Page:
John Caryll (senior)
John Caryll (1625–1711), 1st Baron Caryll of Durford in the Jacobite Peerage, was a poet, dramatist, and diplomat; not to be confused with his nephew, John Caryll, the dedicatee of Alexander Pope's Rape of the Lock.
Caryll was born at West Harting, England. He was head of an old English Catholic and Royalist family at that time settled in West Harting, in Sussex. His father, of whom he was heir, was likewise named John; his mother was a daughter of William, second Baron Petre. Of his education he received part at the English College of St. Omer, in Artois, part at the Venerable English College in Rome. During the reign of Charles II of England he produced several plays and poems. In poetry his chief performances were a translation of Ovid's Epistle of Briseïs to Achilles, first appearing in 1680 in a work entitled Ovid's Epistles, translated by several hands, and afterwards separately; also a translation of Virgil's first Eclogue, printed in Nichol's Select Collection of Miscellany Poems and published in 1683.
His plays, both of them brought out at the Duke of York's Theatre, were a tragedy written in 1666 and called The English Princess, or the death of Richard III (Samuel Pepys, who saw this piece acted 7 March 1667, found it no more than "pretty good"), and a comedy entitled Sir Solomon Single, or the Cautious Coxcomb, which came out in 1671, upon the pattern of Molière's The School for Wives. In 1679, during the so-called "Popish Plot", Caryll, as a Catholic of distinction, was committed to the Tower of London, but was soon let out on bail. When James II of England succeeded to the throne in 1685, he sent Caryll as his agent to the court of Pope Innocent XI, withdrawing him some months later upon the Earl of Castlemaine's appointment to that post.
Caryll was then appointed secretary to Mary of Modena, queen of James II, in whose service he continued after the Glorious Revolution of 1688, when he followed the exiled royal family across the sea to Saint-Germain. From his voluntary expatriation, however, there ensued no confiscation of his property until 1696, when, by reason of his implication in one of the plots to overthrow William of Orange (William III), he having furnished money for that purpose, his estate in West Harting was declared forfeited. His life interest in West Harting was thereon granted to Lord Cutts, but redeemed by Caryll's aforementioned nephew for £6,000. In exile at Saint-Germain, he was created by the dethroned James II (d. 1701) Baron Caryll of Durford (or Dunford) in West Sussex and appointed his Joint Secretary of State together with Charles Middleton, 2nd Earl of Middleton from 1694 to 1696.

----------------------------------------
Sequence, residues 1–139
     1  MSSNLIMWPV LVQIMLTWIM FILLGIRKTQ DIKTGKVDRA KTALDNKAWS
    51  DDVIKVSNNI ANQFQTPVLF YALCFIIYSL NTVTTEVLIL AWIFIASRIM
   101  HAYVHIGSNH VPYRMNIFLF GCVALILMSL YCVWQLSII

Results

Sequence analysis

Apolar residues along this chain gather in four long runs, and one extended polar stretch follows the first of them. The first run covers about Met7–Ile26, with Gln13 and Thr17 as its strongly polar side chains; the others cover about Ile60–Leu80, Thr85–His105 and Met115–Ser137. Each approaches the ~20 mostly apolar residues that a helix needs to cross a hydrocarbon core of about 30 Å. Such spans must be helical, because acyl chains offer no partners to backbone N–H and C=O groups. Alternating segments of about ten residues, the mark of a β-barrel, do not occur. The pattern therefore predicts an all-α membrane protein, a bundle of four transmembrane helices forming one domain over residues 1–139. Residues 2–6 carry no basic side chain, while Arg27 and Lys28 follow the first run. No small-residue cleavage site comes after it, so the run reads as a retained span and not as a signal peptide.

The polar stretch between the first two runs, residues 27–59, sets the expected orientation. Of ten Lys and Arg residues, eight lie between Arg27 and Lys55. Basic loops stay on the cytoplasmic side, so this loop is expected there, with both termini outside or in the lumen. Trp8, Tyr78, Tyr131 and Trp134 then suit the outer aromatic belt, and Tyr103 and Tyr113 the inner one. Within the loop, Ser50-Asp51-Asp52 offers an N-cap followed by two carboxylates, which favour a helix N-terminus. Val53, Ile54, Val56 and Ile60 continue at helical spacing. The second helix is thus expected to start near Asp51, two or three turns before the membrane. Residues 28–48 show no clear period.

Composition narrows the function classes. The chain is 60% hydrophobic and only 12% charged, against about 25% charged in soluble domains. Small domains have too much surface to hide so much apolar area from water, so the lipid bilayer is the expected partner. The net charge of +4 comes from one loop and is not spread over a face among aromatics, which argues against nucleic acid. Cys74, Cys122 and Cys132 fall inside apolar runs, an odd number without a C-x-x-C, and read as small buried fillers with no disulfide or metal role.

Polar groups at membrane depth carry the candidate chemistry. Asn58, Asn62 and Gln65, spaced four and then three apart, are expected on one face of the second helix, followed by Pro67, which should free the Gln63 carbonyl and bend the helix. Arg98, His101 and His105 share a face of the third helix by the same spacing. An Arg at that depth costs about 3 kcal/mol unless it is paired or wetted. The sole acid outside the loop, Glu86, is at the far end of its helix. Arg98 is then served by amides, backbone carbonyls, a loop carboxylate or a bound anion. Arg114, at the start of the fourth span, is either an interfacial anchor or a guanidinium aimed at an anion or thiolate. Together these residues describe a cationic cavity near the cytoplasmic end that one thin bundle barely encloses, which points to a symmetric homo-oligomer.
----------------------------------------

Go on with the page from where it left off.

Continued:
His son, the so-called Old Pretender, James Francis Edward Stuart, recognised by Jacobites as "King James III and VIII" re-appointed him one of his Secretaries of State, a post which he continued to hold up until his death. Meanwhile, in 1700, Caryll published anonymously another work, this time in prose, entitled The Psalmes of David, translated from the Vulgat. He died 4 September 1711, and was buried at Paris in the church of the Scots College, of which he had been a benefactor and where there was set up a tablet to his memory. He married Margaret, a daughter and co-heir of Sir Maurice Drummond. She died in 1656. They left no children, and by a special remainder, he was succeeded in his Jacobite peerage, by his nephew, also named John Caryll. One of his sisters, Mary, became first abbess of the English Benedictine nuns in Dunkirk. The last of the Caryll family, a grandson of the above mentioned nephew, died at Dunkirk in 1788, having served as Secretary to Charles Edward Stuart, called "the Young Pretender", known by Jacobites as "King Charles III".